The theme of this story seemed clear — set the scene, show the disappointment players were feeling in that moment but let them describe the special run they had just went on.

Success in sports is often determined by wins and losses, but I couldn't tell you what my team's record was my senior year of basketball or baseball. I remember the bus rides, cracking jokes with buddies on the bench and just the thrill of competing.

Alexandria did not win its first state championship last year, but the Cardinals competed on the grand stage of high school hockey. That's something worth remembering.

Dedication on display - By Ross Evavold

I had just gotten home from work on a Saturday afternoon last summer when the familiar tones for an ambulance call sounded on the police scanner. The dispatcher said that a baby had been run over.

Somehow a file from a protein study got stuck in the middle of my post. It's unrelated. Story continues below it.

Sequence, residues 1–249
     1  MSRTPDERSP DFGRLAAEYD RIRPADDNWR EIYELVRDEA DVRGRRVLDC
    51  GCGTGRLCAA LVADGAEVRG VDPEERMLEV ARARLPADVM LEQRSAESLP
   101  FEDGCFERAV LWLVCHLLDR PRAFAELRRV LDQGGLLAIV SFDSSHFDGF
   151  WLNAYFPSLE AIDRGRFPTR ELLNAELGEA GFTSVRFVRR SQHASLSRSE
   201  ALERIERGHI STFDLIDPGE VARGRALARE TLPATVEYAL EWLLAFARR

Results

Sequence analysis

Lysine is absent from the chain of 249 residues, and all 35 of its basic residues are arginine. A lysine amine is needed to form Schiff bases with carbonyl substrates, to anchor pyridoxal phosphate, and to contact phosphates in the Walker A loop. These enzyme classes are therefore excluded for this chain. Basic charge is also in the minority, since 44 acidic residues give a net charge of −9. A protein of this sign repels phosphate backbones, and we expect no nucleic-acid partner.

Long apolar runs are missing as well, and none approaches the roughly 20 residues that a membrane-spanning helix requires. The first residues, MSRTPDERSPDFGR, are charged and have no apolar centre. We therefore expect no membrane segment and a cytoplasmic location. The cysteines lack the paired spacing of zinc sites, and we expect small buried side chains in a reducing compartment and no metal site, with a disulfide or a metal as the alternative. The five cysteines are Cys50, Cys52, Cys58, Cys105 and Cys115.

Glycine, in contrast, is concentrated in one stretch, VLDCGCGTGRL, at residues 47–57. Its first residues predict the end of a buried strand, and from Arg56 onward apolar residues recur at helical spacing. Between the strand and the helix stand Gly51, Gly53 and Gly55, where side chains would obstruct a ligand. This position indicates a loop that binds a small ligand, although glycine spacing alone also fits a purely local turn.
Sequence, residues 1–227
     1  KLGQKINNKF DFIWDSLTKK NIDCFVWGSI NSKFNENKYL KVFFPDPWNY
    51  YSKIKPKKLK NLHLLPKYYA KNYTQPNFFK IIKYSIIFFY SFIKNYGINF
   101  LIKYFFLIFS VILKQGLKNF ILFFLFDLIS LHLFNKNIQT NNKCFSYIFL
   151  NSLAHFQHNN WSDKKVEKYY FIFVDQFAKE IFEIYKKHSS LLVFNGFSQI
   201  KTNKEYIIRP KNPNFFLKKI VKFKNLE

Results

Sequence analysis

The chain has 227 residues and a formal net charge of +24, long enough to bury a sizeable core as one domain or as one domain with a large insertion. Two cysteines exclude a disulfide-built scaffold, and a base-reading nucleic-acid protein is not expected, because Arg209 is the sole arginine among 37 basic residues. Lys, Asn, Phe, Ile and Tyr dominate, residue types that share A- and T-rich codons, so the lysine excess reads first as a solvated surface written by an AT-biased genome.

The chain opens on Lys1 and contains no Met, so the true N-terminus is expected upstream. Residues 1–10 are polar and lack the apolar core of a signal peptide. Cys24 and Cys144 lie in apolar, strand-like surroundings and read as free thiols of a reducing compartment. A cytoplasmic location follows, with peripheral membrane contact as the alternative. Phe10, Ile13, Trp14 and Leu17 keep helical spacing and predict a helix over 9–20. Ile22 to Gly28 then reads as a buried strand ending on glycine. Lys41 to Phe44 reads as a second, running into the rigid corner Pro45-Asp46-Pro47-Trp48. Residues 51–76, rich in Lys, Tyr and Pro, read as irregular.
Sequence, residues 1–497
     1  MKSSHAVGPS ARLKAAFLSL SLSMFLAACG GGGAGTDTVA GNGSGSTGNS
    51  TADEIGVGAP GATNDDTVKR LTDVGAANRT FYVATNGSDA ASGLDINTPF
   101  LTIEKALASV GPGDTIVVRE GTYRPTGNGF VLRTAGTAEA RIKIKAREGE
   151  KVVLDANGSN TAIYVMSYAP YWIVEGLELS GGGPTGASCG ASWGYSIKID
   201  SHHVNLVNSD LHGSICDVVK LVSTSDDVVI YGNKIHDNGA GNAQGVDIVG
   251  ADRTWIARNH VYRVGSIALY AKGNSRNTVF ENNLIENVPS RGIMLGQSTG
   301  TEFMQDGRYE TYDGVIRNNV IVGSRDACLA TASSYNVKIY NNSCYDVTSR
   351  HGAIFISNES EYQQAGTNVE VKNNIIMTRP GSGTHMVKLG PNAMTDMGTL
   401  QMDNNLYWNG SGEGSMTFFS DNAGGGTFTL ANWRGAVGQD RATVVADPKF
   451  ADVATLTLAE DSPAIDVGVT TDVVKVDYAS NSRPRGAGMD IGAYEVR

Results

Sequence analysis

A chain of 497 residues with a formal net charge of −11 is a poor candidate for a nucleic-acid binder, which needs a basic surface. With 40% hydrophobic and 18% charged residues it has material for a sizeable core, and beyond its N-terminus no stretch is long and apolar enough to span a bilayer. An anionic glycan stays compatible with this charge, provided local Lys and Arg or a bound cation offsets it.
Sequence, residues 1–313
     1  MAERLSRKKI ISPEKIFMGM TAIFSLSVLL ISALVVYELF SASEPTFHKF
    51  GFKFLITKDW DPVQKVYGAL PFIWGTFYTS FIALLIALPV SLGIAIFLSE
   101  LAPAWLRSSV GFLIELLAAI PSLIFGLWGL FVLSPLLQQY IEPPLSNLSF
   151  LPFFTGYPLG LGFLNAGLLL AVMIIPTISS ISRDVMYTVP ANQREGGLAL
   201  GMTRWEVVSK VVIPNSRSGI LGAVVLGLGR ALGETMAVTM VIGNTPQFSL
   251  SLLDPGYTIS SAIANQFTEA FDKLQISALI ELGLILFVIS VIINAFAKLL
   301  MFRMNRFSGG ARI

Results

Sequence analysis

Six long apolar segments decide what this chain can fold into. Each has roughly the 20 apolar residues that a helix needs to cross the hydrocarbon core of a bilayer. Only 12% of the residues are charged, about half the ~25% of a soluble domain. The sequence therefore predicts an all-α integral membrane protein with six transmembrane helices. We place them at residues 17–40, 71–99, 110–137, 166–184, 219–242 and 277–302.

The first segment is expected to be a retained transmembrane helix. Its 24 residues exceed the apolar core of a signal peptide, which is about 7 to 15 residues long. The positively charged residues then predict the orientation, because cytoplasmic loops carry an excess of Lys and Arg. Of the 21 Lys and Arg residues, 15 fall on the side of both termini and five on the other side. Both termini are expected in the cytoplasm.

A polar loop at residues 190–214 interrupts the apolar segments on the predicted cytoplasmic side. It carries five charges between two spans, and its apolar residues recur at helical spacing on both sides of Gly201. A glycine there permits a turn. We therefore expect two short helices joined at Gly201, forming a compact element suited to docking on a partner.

Those words couldn't have been more chilling.

Instinctively, I grabbed the scanner and a camera and headed out the door, before realizing I didn't know where Chippewa Park was. A smartphone bailed me out, and before long I had driven through Brandon and was standing on a road leading into the park from County Road 108, impatiently awaiting the arrival of a LifeLink helicopter.

A veteran EMT was keeping me company, and what became instantly clear was a characteristic he shared with every other EMT I have known over the course of my career: Dedication.

They are always there, in the dead of night, in the worst conditions, leaving behind family functions and other responsibilities to answer the call, to help others in their time of need.

We hear the calls, and we know how often they are needed. We've been on the other end of things, where we've been the ones in need of emergency help. We've seen them do wonders and save lives.